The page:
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Medical encounters (including injury and illness) at mass community-based endurance sports events: an international consensus statement on definitions and methods of data recording and reporting.

Journal article
Authors Martin Schwellnus
Courtney Kipps
William O Roberts
Jonathan A Drezner
Pierre D'Hemecourt
Chris Troyanos
Dina Christina Janse van Rensburg
Jannelene Killops
Jill Borresen
Mark Harrast
Paolo E Adami
Stéphane Bermon
Xavier Bigard
Sergio Migliorini
Esme Jordaan
Mats Börjesson
Published in British journal of sports medicine
Volume 53
Issue 17
Pages 1048-1055
ISSN 1473-0480
Publication year 2019
Published at Institute of Neuroscience and Physiology
Pages 1048-1055
Language en
Keywords Athletic Injuries, epidemiology, Consensus, Crowding, Data Collection, standards, Disease, Emergency Medical Services, Humans, Physical Endurance, Sports, Sports Medicine, standards
Subject categories Clinical Medicine


Mass participation endurance sports events are popular but a large number of participants are older and may be at risk of medical complications during events. Medical encounters (defined fully in the statement) include those traditionally considered 'musculoskeletal' (eg, strains) and those due to 'illness' (eg, cardiac, respiratory, endocrine). The rate of sudden death during mass endurance events (running, cycling and triathlon) is between 0.4 and 3.3 per 100 000 entrants. The rate of other serious medical encounters (eg, exertional heat stroke, hyponatraemia) is rarely reported; in runners it can be up to 100 times higher than that of sudden death, that is, between 16 and 155 per 100 000 race entrants. This consensus statement has two goals. It (1) defines terms for injury and illness-related medical encounters, severity and timing of medical encounters, and diagnostic categories of medical encounters, and (2) describes the methods for recording data at mass participation endurance sports events and reporting results to authorities and for publication. This unifying consensus statement will allow data from various events to be compared and aggregated. This will inform athlete/patient management, and thus make endurance events safer.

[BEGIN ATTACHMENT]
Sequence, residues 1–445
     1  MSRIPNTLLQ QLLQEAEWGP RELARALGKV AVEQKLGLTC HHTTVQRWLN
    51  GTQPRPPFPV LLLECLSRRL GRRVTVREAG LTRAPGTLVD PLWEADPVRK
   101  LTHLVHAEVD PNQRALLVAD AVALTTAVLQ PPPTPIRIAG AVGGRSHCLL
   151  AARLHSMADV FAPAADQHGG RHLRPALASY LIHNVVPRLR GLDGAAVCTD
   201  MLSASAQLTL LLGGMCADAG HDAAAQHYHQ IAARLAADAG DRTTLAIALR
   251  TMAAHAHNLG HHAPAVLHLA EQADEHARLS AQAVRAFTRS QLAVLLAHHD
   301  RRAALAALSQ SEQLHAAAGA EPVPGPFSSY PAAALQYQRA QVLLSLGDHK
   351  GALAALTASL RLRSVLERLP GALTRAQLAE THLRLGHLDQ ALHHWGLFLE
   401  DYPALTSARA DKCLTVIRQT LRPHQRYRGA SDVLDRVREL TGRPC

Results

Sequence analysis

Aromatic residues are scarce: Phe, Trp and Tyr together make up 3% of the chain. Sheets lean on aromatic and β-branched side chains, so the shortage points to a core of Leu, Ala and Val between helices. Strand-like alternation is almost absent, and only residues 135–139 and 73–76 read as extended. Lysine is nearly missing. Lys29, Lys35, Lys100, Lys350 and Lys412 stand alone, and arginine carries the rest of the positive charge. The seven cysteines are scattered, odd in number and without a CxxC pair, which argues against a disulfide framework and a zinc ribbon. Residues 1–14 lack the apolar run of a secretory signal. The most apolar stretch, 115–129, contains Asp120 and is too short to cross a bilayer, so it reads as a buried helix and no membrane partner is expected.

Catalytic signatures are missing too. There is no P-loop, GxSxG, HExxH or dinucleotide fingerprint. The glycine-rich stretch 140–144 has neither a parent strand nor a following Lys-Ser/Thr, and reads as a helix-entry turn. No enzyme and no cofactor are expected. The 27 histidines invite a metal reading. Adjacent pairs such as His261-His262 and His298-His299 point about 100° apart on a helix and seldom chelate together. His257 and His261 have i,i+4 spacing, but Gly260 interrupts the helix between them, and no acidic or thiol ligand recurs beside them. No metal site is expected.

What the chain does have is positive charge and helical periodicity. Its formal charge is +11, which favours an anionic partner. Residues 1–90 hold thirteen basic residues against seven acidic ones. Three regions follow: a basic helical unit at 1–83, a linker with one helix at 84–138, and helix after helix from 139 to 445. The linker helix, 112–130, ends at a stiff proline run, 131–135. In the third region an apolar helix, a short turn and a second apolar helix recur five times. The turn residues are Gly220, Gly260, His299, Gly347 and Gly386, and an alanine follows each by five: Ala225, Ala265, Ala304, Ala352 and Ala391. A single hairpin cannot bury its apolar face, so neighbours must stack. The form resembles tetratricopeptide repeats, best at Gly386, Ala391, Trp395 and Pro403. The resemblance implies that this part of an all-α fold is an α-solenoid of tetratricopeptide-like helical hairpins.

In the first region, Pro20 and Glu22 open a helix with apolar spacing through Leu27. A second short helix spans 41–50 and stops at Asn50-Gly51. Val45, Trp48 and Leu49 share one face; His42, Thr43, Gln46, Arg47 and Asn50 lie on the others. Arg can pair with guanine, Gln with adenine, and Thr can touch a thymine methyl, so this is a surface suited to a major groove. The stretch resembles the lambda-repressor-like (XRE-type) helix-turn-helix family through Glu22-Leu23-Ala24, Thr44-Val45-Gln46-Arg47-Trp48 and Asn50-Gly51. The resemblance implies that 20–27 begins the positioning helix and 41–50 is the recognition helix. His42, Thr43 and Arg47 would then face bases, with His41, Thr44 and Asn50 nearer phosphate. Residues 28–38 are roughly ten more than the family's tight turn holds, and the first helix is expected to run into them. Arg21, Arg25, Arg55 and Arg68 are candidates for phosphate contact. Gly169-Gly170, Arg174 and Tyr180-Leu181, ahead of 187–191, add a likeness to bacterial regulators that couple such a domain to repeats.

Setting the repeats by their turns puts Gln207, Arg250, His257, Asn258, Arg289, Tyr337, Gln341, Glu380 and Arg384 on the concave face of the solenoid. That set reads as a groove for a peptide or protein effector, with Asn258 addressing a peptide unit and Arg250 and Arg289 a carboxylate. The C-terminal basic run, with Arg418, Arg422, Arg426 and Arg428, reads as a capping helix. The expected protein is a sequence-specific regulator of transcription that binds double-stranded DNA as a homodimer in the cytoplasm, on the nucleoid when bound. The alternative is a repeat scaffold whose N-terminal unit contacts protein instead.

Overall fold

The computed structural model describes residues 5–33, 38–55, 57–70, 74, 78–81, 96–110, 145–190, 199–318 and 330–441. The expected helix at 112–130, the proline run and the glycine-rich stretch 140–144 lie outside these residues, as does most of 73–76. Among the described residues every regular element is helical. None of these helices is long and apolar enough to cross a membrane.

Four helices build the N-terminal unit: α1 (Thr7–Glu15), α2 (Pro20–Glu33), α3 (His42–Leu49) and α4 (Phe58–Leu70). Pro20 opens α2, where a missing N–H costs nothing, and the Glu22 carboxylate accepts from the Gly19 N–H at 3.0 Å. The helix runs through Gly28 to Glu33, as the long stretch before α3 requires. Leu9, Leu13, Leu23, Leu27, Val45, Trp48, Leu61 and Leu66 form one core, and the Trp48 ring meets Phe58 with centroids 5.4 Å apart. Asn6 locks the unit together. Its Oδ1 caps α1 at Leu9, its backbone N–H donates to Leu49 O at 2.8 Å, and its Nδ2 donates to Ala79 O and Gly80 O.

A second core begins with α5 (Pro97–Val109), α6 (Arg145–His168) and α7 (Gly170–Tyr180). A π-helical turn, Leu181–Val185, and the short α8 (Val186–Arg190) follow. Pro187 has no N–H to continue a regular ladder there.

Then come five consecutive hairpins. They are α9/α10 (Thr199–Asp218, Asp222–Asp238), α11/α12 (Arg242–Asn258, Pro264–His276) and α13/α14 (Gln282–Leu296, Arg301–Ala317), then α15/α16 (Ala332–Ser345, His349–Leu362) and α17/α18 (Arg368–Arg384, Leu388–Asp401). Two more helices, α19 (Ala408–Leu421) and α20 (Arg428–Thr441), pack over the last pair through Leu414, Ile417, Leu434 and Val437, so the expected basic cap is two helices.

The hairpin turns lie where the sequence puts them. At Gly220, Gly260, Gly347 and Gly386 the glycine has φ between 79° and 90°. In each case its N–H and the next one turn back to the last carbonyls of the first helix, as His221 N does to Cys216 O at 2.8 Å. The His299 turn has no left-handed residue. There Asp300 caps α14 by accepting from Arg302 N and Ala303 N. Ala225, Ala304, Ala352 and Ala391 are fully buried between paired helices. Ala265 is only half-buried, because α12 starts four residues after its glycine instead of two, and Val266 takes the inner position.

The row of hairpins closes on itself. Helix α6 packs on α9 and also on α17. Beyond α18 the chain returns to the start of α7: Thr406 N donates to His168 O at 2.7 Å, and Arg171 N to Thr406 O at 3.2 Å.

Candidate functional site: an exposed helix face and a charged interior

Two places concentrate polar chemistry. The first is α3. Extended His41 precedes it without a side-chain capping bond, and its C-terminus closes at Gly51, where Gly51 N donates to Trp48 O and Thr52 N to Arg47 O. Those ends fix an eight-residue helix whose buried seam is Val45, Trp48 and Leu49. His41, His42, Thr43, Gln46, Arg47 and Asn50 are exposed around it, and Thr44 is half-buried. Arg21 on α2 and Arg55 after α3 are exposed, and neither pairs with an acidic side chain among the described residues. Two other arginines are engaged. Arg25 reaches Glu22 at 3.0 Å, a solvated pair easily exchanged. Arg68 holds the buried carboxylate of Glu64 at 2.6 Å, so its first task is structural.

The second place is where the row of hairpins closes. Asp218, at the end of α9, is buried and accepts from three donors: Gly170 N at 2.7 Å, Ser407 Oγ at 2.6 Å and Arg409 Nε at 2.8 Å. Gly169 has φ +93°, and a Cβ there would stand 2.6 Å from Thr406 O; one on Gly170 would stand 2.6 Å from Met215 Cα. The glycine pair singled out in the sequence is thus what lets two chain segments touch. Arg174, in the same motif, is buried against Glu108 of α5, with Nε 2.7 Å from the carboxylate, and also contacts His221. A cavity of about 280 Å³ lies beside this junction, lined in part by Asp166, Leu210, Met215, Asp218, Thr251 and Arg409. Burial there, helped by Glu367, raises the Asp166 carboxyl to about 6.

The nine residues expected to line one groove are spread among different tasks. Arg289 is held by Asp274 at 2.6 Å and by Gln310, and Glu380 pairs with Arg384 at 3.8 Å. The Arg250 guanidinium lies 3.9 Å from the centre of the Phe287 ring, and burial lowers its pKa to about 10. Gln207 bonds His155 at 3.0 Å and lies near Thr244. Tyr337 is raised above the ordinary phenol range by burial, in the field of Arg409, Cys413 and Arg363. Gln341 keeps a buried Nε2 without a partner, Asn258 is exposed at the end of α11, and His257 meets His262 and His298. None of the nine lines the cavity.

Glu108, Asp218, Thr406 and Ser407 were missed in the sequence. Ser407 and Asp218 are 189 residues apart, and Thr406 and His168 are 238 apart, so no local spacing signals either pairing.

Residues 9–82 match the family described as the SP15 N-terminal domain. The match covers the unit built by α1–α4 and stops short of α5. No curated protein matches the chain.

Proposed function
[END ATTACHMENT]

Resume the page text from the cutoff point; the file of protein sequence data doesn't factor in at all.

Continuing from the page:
Page Manager: Webmaster|Last update: 9/11/2012

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